The Emperors Chambers Inauguration
Beyond Protocol is a game focused on control, over an empire, over planets, and over solar systems, but the ultimate form of control here, is over the game itself. This power comes from the Galactic Senate. Players have the ability to add, subtract, and modify game mechanics through a complex, but engaging voting process.
While the Galactic Senate (GS) has been in operation for centuries within the Beyond Protocol universe, it has been without one of its key features, the Emperors Chambers (EC). In short, this special room within the senate is where the players control the mechanics, additions, and balancing of the game. The power this yields is not attained without effort and can not be achieved without some degree of risk.
Before delving into how the system works, a bit of what-is-now history is in order. The first EC was inaugurated on Thursday, January 22nd 2009, which equates in game to the year 4286 TE, or Terra Exeunt, translated “When they left Earth”. The seven emperors discussed many things pertaining to the game, but decided to make their first act a celebratory one. They commissioned the creation of a new building. A statue, more specifically of the first seven emperors, which will provide a moral bonus to any planet that this statue was constructed on and would also display the names of the first seven emperors whenever moused over. It was vain move, perhaps, but one that demonstrates the power given to these players. This system however is not without its checks and balances.
To fully explain what the EC is, it is important to understand what the title of Emperor entails and what those risks are. The known galaxy, as of the EC’s initial inauguration, was composed of over 40 star systems, each containing an average of 10-20 planets. Each one of these seven initial emperors controls every planet in at least one system. Theirs is the largest colony on every planet, they collect a tax paid on every mineral mined there, and they decide how that entire system votes in the GS. Should an emperor loose even a single planet in their system, through war or aggressive building, the rank is lost and research is crippled for a real world week, unless the title can be regained. That is the basic gist, there are many more subtleties but playing the game is more fun than reading about it! In light of that, here is a more detailed description of the EC and GS.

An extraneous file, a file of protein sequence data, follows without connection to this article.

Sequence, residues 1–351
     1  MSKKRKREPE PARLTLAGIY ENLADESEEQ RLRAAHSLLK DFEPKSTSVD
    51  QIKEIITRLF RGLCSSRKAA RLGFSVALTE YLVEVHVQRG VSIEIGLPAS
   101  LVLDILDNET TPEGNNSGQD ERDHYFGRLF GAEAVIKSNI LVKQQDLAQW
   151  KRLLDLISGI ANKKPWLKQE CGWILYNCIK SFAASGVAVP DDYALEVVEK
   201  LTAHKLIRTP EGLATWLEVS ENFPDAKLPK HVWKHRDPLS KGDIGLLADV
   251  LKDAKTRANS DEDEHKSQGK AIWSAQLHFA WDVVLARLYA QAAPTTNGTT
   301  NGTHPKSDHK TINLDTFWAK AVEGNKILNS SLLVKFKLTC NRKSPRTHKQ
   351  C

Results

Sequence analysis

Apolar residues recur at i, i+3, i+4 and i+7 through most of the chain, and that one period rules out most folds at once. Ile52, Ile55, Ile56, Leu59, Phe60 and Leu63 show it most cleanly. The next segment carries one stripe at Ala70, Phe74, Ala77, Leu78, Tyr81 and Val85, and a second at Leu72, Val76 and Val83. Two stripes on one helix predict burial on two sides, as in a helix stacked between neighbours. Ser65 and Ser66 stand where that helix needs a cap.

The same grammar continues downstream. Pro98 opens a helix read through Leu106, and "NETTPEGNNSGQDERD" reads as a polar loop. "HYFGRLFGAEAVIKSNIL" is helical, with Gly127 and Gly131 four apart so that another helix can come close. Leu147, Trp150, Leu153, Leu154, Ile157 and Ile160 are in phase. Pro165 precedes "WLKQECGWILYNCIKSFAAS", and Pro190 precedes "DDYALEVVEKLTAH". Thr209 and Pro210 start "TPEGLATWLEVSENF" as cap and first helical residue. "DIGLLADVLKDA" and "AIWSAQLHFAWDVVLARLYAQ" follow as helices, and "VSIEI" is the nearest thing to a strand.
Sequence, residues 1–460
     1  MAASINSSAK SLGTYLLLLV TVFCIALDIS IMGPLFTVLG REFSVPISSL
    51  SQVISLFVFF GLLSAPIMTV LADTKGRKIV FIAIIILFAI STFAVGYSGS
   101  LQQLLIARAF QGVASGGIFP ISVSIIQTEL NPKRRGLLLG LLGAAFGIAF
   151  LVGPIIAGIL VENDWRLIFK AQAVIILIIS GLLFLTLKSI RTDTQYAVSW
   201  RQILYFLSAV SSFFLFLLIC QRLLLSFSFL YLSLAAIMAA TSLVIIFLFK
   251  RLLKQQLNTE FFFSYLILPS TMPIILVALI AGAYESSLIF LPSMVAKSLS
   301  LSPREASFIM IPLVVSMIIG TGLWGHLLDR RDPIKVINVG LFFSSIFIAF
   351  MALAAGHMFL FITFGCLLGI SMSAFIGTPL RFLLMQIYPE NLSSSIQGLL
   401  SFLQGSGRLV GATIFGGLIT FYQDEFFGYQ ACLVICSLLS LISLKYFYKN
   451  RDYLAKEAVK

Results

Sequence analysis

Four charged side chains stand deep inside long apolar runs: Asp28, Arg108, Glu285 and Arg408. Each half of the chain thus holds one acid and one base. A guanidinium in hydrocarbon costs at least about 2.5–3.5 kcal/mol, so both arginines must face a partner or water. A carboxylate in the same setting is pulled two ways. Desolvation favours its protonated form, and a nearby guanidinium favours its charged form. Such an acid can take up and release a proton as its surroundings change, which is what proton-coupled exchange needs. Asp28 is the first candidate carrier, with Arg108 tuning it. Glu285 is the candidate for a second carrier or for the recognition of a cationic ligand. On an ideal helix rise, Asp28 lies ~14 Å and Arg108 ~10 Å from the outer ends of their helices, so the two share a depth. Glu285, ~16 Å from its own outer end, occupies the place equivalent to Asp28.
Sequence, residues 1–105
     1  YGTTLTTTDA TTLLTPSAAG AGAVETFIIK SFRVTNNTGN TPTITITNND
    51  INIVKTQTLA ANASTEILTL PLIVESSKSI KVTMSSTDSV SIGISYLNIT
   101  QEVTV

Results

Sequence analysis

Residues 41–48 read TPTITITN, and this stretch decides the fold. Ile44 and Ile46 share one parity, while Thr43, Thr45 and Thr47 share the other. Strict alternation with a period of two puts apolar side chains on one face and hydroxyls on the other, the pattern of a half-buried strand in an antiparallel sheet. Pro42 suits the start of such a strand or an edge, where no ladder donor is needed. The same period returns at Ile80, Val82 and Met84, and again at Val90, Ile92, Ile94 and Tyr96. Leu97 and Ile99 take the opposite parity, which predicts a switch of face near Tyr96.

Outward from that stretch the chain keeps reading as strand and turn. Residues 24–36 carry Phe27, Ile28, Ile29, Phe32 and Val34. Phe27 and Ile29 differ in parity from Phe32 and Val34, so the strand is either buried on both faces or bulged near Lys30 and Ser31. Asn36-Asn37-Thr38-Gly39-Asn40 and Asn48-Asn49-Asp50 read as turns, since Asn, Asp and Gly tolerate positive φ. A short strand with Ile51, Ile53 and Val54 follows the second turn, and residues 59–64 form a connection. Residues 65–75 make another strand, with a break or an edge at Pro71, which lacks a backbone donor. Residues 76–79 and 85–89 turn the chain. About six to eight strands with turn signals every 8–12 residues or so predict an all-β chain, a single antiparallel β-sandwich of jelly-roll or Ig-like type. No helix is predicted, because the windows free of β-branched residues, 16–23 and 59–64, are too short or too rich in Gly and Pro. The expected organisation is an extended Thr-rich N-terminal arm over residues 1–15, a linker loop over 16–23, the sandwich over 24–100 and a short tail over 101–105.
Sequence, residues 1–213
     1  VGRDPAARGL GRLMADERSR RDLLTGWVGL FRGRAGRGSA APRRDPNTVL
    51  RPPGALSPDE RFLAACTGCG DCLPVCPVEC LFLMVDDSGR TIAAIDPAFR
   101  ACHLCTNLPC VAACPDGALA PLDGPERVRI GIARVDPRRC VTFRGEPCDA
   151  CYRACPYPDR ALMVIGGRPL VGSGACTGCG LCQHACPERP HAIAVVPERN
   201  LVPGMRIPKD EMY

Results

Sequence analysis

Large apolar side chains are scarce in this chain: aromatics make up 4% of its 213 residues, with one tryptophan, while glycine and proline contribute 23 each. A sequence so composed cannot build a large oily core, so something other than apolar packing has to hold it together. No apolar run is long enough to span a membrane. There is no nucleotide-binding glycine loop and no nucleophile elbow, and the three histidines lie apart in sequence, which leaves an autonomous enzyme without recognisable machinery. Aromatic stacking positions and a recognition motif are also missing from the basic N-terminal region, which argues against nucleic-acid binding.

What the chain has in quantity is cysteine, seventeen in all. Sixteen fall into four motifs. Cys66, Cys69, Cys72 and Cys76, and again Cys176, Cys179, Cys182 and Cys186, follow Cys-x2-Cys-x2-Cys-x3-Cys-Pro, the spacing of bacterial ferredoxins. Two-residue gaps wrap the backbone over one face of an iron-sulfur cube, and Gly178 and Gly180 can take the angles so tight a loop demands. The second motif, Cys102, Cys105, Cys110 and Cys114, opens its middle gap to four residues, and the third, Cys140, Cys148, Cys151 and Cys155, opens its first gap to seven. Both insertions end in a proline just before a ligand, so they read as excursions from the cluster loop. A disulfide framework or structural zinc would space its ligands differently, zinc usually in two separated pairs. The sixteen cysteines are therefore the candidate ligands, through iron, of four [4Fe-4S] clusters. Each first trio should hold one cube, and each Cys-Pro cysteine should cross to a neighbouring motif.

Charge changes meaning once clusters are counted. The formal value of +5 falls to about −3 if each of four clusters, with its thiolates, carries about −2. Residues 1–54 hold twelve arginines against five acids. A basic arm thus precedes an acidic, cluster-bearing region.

The EC is a private system, viewable only by players with the rank of emperor. Their job is to propose legislation for the GS to vote on. The proposals can range from adding a new building to the game, to requiring that more minerals go into the production of a certain component. Dark Sky Entertainment (DSE) has of course provided several rules to guide the emperors and holds the power to veto any changes that would harm the game. The three initial rules given were as follows: No changes to time, to geography, or that would seriously disadvantage new players. If within the rules and not obviously detrimental to Beyond Protocol, the proposal can be voted on inside the EC. A majority vote of emperors is required to move the proposal to the approval phase. DSE has stated that one properly endorsed proposal will be reviewed every weekday at 11 AM. The review ensures that the proposal is within the rules, assigns a time to completion if passed, and then puts the proposal up to a vote in the GS.
In contrast to the EC, the GS is a public system. Every player in the game can see what is being voted on, and how each player has voted. Votes are based on planetary control. Each planet is a single vote for or against the issue at hand. These votes are tallied, and can be changed through any means necessary, over the course of two weeks.
For the sake of an example, say that there are only two players in the game. The vote is to add a new class of battle tank to the game. Player A is in control of 6 planets while Player B is in control of 4 planets. Player A votes against the issue and Player B votes in favor of the issue. Player B has two weeks to either convince Player A to change stance, be it by flowery words, threats, or bribery, or take 2 planets by force and change the votes of those planets, otherwise this new battle tank will not make it to the game. In both the EC and the GS, players are allowed to make statements on issues which can be seen by anyone viewing that issue.
In the end, this system allows the players to mold the game in a democratic way; however they feel it is best played. While the power hungry players control the proposition process, the masses control the final approval process, including the potential to dethrone those that abuse their power. Any changes made can be reversed by another proposition and voting process, therefore changes made are in no way final. This feature is essentially DSE’s method of upgrading the game, a constant and player led process.
The power grab is on, and the chambers are waiting. Will you, or more accurately, can you assert your will on the Senate?